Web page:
NOTE: Students who have taken In Sickness and In Health in fall quarter are welcome to register for the second quarter of this program in Spring 2019 .
In this introductory program, students will explore cultural, social, and psychological approaches to the body and health. We will also cultivate foundational skills that are relevant across all careers and fields of study—observation, note-taking, analysis, researching, speaking, and writing—but that may be particularly helpful in social and human services, health care, and education.
Using the lens of medical anthropology, we will consider diverse practices around sickness and healing and develop an understanding of Western biomedicine as a complex cultural system. Using literature and film, we will explore how people across the globe understand sickness and engage in healing practices. Students will learn qualitative ethnographic techniques for documenting and analyzing cultural and social contexts. An exploration of happiness and well-being will lead us to readings and exercises in areas of the social sciences such as positive psychology, sociology, neuroscience, somatic studies, and contemplative practices.
Spring quarter will emphasize applied approaches to sickness and healing. We will explore models of community-based scholarship and practice in the U.S. and in the context of global health initiatives. Students will be able to take in-program internships with local community partners and develop research proposals for future programs.
Part of our curriculum will entail a shared lecture series and seminar readings (4 credits) with another introductory program: Unruly Bodies . This means that students will be part of a larger learning community with four faculty teachers during part of each week, examining interdisciplinary approaches to the body, health, power, and knowledge.
In addition, each quarter, students enrolled in the program for 16 credits will have the opportunity to choose from one of the following workshops (4 credits) offered by faculty of both programs:
What qualities are associated with strong and happy individuals, relationships, and communities, and how can we learn to build them? This workshop provides an in-depth, applied exploration of research on happiness and well-being. We will participate in text-based seminar discussions and in experiential workshops that aim to integrate mind, body, and spirit as we cultivate the positive qualities that scientists and practitioners have identified are useful for happiness, resilience, equanimity, and enduring well-being. This one-quarter workshop repeats both winter and spring quarters.
- Human Biology: Anatomy and Physiology: What are human bodies made of? How do they work? Students will learn about the physiologic functioning and anatomic structures of the human body and have the option to observe and carry out dissections including the (non-human) heart, lungs, kidneys, brain and eye. Lectures and laboratory sessions will explore cell and tissue structure and function, and will investigate body systems such as muscular, nervous, cardiovascular, immune, urinary, reproductive, and digestive systems, through examination of normal and abnormal (disease) states. This two-quarter workshop spans winter and spring quarters. Students entering in spring quarter will require previous course work in human biology.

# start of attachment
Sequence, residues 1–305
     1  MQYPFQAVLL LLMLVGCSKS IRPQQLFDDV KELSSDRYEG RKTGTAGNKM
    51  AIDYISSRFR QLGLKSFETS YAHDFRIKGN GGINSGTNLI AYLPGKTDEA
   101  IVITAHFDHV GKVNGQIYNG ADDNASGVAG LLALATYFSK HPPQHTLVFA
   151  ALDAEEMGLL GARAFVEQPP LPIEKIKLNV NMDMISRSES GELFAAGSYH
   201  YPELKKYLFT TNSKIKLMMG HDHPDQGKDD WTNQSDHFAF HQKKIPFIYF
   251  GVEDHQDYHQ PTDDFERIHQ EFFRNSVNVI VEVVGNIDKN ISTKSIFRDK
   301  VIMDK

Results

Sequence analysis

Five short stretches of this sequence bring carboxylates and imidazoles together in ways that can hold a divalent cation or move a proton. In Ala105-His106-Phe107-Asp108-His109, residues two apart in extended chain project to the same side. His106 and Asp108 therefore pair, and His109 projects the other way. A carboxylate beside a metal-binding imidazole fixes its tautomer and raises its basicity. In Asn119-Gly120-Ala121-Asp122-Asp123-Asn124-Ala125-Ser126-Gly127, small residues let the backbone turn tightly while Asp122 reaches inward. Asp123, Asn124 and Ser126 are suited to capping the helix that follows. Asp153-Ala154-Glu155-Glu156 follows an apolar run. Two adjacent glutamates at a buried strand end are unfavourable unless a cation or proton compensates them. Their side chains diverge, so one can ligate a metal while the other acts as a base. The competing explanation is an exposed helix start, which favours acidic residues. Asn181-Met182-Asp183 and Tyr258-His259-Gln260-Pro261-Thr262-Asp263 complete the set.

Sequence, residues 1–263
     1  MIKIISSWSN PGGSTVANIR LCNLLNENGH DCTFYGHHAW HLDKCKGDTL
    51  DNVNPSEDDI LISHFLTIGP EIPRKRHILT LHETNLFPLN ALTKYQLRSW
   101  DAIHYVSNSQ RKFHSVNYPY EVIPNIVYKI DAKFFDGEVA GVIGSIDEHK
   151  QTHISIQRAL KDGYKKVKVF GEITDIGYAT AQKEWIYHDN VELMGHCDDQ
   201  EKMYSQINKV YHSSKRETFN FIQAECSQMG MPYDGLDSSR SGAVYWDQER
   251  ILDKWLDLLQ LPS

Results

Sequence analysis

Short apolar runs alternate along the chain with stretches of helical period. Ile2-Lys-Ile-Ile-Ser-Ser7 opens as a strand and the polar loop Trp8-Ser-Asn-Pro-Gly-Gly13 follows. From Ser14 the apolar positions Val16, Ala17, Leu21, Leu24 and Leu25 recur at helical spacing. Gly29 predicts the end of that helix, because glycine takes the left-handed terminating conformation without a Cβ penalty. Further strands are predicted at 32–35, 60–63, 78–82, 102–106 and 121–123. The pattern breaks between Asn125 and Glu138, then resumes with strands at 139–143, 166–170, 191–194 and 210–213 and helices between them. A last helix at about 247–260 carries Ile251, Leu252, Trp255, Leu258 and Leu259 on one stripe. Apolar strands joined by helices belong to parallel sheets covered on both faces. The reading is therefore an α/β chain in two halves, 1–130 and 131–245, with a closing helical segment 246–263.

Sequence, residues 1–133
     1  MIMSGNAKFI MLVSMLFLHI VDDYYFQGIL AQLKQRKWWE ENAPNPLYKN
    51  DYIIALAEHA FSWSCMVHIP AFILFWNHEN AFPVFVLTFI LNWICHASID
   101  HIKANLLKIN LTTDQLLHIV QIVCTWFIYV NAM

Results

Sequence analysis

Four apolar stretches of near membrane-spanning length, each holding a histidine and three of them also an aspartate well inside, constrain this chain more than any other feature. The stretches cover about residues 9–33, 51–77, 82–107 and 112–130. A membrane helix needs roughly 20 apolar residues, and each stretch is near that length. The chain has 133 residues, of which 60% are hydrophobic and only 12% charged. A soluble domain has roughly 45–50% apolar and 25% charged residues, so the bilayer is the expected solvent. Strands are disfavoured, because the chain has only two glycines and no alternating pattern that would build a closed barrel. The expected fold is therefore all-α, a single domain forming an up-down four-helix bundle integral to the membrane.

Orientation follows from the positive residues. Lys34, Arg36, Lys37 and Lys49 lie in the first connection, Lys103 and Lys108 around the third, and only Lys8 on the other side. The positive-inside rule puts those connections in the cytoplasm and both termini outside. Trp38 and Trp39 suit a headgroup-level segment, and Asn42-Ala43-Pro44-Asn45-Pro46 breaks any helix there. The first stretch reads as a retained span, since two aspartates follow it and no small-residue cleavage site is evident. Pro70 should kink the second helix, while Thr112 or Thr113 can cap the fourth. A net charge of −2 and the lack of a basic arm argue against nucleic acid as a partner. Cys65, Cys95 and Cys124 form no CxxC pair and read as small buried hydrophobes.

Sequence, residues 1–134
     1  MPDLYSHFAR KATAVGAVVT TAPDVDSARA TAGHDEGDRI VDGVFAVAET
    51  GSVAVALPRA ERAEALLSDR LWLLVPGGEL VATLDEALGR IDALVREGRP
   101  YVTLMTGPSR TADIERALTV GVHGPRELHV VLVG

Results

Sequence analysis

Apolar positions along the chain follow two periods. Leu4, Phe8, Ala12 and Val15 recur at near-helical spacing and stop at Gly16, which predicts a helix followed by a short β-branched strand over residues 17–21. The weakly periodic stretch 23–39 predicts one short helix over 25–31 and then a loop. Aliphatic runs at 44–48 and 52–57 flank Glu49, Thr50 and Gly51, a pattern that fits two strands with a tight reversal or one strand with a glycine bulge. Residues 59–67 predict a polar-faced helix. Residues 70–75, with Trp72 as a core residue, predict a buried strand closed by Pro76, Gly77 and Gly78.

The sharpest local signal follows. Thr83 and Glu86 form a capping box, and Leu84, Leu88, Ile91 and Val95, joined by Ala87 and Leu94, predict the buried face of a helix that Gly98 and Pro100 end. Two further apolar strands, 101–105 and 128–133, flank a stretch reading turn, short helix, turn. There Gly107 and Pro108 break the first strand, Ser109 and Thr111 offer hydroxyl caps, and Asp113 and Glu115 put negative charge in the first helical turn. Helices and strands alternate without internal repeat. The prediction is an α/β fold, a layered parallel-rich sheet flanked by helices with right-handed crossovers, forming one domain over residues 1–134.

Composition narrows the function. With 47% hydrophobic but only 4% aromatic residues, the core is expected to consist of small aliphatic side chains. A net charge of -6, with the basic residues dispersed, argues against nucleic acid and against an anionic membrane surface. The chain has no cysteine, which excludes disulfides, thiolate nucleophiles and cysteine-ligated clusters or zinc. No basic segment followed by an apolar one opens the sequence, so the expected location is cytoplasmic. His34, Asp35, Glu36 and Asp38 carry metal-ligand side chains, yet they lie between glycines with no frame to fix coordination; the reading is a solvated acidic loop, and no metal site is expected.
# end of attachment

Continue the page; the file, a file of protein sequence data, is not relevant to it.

- Illness Narratives: How do people generate stories about their experiences with illness and persistence? We will read scholarship about exchanges between healers and patients, and between storytellers and listeners. Students will engage in the listening process by recording illness narratives and presenting them at the end of the quarter in the form of audio podcasts. This workshop is available winter quarter only.
- Cyborg Bodies: The cybernetic organism, or cyborg, has figured the contested boundary between humans and machines in theory and science fiction. Through viewing, reading, and analysis, we will meet famous cyborgs from film and television and explore what they can tell us about our conceptions of the organic body. We’ll think about cyborgs in relation to the materiality of media, and its evolution through the 20th and 21st centuries. This one-quarter workshop repeats both winter and spring quarters.
Community Based Learning and Action (Spring Only) : What kinds of practical engagements can address sickness and healing in our own communities? For this workshop, students will complete three credits of internship or volunteer work (8-10 hours/week), either individually or in small groups, with local or regional community organizations. Faculty will help students connect with various opportunities during the first two weeks of Spring quarter; these may include agriculture, food, and nutrition; youth mentoring; tutoring; or other possibilities broadly related to health and social well-being. In addition, students will attend a two-hour, one-credit seminar on half of the Wednesday mornings in spring quarter that considers theories and processes of community collaboration, and discusses ongoing experiences with the community based work.
Students taking the program for 12 credits will not take one of these workshops.
Students who completed "In Sickness and In Health" in fall quarter 2018 may enroll in the second part of "In Sickness and In Health" in spring quarter 2019.
Course Reference Numbers
Students must have one quarter college-level experience in cultural, social, and psychological approaches to the body and health such as in In Sickness or in Health or the equivalent.
Course Reference Numbers
Social and Human Sciences, Health Care, Education
$40 per quarter for entrance fees and supplies.
Students who demonstrate readiness may be able to complete part-time Spring Quarter internships with faculty approval.